Easter Greek Traditions and Customs
Easter is an important religious holiday for the Greeks. Customs and traditions are “resurrected” during it, reminding us of our roots and history.
In every corner of the country, the traditions of years or even centuries unfold, bringing us all closer.
Holy Week is full of religious ceremonies, such as church services, the preparation and procession of the Epitaph, and more. Our folk customs include the post-Resurrection dinner with stew as the main course, the crunching of red eggs, the kiss of love, and the roasting of the lamb on Easter Sunday.
But in several regions of Greece, the roasting of the lamb takes place on the second day of Easter, such as in Corfu and some cities of Epirus. In Corfu, on Holy Saturday, after the first Resurrection, the residents throw huge jugs full of water, the botedes, from their balconies! A sight that always excites the crowd.
In other islands of Greece, such as Patmos, on Maundy Thursday, they attend the Ceremony of the Niptiros in Xanthou Square, where the Abbot of the Monastery symbolically sprinkles the feet of the monks – a representation of the movement of Jesus washing the feet of his disciples at the Last Supper.
On the other hand, in Chios, the “rocket war” (known as Roukeropolemos) that takes place in the village of Vrontado on Holy Saturday has been widely known since the years of the Turkish occupation. The settlement transformed into something strongly reminiscent of a battlefield.
In Kythnos, on Easter Sunday, a swing is set up in the island’s square on which boys and girls swing dressed in traditional costumes. He or she who shakes someone is committed to marriage!
In Skiathos, the procession of the epitaph lament in the churches of the city begins at 1 after midnight on Friday night – according to the timetables of Mount Athos -, while its procession begins at 04:00 in the morning.
On Easter Sunday on Folegandros island, the icon of the Virgin descends from the monastery and travels from house to house. At sunset, the Icon is delivered to Ano Meria and is carried on foot to the church of Agios Georgios, where it spends the night after the celebration of Vespers.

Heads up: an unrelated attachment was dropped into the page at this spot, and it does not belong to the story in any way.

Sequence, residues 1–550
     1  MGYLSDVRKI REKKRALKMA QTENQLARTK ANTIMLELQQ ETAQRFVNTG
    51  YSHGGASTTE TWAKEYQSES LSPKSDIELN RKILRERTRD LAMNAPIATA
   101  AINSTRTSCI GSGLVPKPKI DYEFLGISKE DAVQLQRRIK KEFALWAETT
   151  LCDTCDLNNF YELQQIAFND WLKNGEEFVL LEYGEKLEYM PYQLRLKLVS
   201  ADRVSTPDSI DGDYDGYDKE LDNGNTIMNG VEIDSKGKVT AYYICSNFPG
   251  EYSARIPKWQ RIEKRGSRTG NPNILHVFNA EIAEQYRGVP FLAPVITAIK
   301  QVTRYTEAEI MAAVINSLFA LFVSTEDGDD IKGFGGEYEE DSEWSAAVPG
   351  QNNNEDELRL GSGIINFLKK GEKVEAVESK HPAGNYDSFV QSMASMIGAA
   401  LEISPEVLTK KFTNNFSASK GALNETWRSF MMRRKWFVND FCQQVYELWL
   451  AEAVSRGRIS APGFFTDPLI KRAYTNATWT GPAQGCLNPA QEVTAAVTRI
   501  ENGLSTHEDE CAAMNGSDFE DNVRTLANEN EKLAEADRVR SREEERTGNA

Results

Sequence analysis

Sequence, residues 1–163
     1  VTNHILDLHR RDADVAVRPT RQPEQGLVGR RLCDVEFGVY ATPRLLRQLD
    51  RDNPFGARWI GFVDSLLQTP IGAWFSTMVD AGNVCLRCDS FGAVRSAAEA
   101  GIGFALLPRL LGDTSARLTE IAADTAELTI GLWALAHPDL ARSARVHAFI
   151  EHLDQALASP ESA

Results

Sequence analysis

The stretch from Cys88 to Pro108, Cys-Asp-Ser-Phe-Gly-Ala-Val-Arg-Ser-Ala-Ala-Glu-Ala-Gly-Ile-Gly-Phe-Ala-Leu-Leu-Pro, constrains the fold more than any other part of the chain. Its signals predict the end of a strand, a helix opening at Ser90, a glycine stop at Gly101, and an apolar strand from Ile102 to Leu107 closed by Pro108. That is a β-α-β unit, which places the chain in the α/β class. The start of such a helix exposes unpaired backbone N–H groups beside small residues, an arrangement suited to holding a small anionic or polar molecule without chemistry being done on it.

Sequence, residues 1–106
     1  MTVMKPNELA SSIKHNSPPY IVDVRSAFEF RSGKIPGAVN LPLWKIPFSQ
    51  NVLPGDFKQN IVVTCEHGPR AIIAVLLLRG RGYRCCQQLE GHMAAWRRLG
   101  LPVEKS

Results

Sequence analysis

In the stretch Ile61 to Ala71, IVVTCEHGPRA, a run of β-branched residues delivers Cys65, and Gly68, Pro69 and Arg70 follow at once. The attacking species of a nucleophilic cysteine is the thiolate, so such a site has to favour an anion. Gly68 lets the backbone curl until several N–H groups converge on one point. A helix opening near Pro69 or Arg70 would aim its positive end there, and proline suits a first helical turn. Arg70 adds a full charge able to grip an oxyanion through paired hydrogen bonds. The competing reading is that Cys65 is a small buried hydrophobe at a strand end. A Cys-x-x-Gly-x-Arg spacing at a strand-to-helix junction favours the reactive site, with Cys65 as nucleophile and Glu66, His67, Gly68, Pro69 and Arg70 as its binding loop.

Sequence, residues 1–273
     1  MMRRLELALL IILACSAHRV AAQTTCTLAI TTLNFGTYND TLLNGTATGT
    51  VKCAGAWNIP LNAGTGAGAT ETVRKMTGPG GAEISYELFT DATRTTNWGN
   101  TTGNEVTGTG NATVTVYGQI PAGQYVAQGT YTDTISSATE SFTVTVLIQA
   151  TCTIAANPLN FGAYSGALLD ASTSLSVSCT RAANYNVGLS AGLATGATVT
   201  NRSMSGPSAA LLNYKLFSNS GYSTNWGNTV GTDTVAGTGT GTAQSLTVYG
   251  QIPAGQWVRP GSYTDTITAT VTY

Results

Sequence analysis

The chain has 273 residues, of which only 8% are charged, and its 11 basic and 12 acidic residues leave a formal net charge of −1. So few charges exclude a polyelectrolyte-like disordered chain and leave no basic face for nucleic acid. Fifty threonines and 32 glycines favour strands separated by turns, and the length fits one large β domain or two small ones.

And from the Aegean islands, we will travel to the beautiful Peloponnese.
In Monemvasia, on the afternoon of Easter Sunday, the traditional burning of Judas takes place in the precincts of the Church of the Coming Christ. Inside the human figure, in addition to wood and straw, many explosives make the sight impressive.
Also, In Kalamata on Easter Sunday, a unique local custom, the wheat fight (known as Saitopolemos), is being revived, the roots of which can be found in the liberation struggles of 1821. According to legend, the Messenians used shuttles filled with explosives to intercept the Turkish cavalry, scaring their horses. Those who participate in the custom are often dressed up in traditional costumes.
The town of Leonidio in Arcadia has one of the most impressive and spectacular Easter customs in our country. On the night of the Resurrection, the faithful of the parishes build luminous “balloons” that they release to fly high into the sky. Those who, for whatever reason, fail to raise their “unseen” are “stigmatized” and the next day, after the Easter wishes, they receive the teasing of their competitors.
Our country has endless Easter customs and traditions. The Greeks, wherever they are, far from Greece, will celebrate Easter with faith, joy, and hope!